Numerous studies have linked controlled psychedelics to improvements in mental health conditions such as depression and PTSD. In March, the FDA approved Esketamine as a treatment for depression. However, with much stigma surrounding psychedelics, researchers question how many patients would take psychedelic medications if prescribed to them. According to a new study, 40% of people with no experience of psychedelics would be unlikely to take the prescription due to fears of 'brain damage' or a 'bad trip'.
A new study clarifies the mechanism behind how ketamine works as an antidepressant. Researchers say there is evidence to suggest ketamine binds to NMDA receptors, instead of opioid receptors. Reducing the belief that ketamine is an opioid may make patients with depression more open to using the treatment.
Ketamine, an anesthetics which has been commonly used as an illicit party drug, is helping people overcome depression. The drug works rapidly and provides lasting relief from depressive symptoms for weeks after exposure. Researchers are examining how ketamine works in the brain to help positively influence behavior in those with mood disorders.
Researchers have found a diverse array of illicit drugs, including cocaine and ketamine, along with pesticides and pharmaceutical chemicals in British freshwater shrimp. While the concentrations of chemicals were considered low, researchers state there is a concern for the potential environmental risk this may pose to wildlife.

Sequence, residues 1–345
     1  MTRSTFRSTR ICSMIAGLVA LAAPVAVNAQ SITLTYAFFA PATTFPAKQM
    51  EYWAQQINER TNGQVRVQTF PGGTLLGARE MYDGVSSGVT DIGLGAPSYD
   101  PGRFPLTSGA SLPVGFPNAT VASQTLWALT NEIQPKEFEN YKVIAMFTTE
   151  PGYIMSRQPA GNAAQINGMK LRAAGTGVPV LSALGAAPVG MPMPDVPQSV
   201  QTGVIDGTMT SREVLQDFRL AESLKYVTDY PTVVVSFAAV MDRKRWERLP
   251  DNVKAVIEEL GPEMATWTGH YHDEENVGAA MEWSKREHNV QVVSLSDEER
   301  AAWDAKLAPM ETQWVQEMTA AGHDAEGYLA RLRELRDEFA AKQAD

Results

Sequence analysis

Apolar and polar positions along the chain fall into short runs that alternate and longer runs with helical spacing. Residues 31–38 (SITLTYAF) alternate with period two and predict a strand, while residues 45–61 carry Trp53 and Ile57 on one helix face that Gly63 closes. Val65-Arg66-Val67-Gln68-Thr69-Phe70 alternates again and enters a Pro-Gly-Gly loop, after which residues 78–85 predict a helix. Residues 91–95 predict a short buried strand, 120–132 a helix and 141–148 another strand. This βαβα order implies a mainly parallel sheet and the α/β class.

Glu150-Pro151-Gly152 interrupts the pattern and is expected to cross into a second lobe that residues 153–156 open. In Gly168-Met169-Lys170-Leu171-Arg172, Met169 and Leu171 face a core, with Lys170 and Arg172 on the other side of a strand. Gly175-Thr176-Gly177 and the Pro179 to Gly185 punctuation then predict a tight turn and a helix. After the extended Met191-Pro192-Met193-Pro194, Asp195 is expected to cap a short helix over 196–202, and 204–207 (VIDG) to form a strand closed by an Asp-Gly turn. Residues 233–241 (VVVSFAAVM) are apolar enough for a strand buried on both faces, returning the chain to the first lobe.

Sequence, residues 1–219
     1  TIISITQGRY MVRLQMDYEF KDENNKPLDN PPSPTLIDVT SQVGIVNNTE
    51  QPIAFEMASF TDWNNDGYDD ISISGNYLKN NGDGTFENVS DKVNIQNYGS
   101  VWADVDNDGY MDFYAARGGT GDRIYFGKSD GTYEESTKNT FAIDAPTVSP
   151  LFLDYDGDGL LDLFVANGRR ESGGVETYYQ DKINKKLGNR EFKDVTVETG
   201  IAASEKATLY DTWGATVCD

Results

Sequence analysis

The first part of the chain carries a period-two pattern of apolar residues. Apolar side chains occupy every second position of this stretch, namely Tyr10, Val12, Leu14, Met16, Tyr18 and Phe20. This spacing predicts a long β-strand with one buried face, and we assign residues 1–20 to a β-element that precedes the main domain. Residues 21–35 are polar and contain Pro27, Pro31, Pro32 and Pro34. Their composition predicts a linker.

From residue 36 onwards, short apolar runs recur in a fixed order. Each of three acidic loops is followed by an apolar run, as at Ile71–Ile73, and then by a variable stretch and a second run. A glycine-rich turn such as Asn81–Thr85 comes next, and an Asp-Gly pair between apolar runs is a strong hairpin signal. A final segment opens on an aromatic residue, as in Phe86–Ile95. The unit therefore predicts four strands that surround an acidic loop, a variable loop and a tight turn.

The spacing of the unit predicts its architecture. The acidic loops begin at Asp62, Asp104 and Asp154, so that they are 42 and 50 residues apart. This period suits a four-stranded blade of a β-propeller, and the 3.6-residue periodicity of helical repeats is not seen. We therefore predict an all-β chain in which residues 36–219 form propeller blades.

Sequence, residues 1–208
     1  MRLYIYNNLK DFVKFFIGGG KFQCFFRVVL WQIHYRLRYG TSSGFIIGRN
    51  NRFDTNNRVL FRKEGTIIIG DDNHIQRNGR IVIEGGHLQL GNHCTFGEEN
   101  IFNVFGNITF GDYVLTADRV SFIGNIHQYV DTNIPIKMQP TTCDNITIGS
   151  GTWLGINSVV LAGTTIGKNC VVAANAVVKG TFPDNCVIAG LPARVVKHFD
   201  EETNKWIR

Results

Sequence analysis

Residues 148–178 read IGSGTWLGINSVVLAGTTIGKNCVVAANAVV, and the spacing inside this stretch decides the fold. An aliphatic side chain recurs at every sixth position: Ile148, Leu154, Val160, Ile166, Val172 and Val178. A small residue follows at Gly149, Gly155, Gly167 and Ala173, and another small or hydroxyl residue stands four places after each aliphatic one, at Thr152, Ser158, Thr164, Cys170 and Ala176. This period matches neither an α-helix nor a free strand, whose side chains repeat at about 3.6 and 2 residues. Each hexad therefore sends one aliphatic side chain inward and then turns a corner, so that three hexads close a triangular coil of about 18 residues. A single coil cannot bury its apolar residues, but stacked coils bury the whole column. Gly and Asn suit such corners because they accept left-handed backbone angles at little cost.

NV-5138, a small molecule drug that mimics the action of ketamine, provides fast-acting antidepressant responses in rodent models of depression. The drug is currently undergoing Phase 1 testing in humans.
The formation of prefrontal cortex dendritic spine formation sustains the remission of depressive related symptoms and behaviors following ketamine treatment by restoring lost spines.
The mGlu2 receptor plays a critical role in the effectiveness of ketamine for treating depression.
A new study reveals the combination of ketamine with naltrexone can help treat symptoms of both depression and addiction.
A new study reveals a brain region that contributes to anhedonia, the loss of pleasure, in those with depression. The study also shows how ketamine acts on this brain region, explaining why the drug appears to be so effective at treating anhedonia.
Researchers report ketamine's antidepressive effects require activation of opioid receptors in the brain. The study highlights the interaction between depression, pain and opioid addiction.